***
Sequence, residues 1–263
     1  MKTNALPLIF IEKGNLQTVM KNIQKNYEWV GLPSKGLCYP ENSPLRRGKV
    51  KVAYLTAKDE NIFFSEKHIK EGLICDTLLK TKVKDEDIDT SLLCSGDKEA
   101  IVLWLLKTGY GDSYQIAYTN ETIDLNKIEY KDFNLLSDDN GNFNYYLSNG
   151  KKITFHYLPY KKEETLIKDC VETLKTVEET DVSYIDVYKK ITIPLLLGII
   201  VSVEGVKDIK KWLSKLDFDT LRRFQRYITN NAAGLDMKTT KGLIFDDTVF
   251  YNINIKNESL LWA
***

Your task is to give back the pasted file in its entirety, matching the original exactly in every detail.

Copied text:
Sequence, residues 1–263
     1  MKTNALPLIF IEKGNLQTVM KNIQKNYEWV GLPSKGLCYP ENSPLRRGKV
    51  KVAYLTAKDE NIFFSEKHIK EGLICDTLLK TKVKDEDIDT SLLCSGDKEA
   101  IVLWLLKTGY GDSYQIAYTN ETIDLNKIEY KDFNLLSDDN GNFNYYLSNG
   151  KKITFHYLPY KKEETLIKDC VETLKTVEET DVSYIDVYKK ITIPLLLGII
   201  VSVEGVKDIK KWLSKLDFDT LRRFQRYITN NAAGLDMKTT KGLIFDDTVF
   251  YNINIKNESL LWA